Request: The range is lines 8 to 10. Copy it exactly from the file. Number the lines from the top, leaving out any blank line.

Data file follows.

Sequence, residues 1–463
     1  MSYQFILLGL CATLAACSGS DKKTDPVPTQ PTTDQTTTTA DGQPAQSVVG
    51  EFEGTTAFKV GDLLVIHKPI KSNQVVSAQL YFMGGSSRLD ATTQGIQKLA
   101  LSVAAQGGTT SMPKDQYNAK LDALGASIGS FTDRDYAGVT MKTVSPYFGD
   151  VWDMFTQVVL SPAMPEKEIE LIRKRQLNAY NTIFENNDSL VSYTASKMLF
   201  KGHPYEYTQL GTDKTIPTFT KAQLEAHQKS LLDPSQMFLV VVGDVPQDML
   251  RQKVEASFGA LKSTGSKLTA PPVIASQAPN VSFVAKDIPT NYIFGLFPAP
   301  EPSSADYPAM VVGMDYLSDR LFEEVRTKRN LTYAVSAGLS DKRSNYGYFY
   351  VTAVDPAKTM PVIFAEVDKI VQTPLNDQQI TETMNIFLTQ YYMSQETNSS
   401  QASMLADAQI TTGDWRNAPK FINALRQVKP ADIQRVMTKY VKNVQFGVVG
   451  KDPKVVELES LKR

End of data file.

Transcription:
   301  EPSSADYPAM VVGMDYLSDR LFEEVRTKRN LTYAVSAGLS DKRSNYGYFY
   351  VTAVDPAKTM PVIFAEVDKI VQTPLNDQQI TETMNIFLTQ YYMSQETNSS
   401  QASMLADAQI TTGDWRNAPK FINALRQVKP ADIQRVMTKY VKNVQFGVVG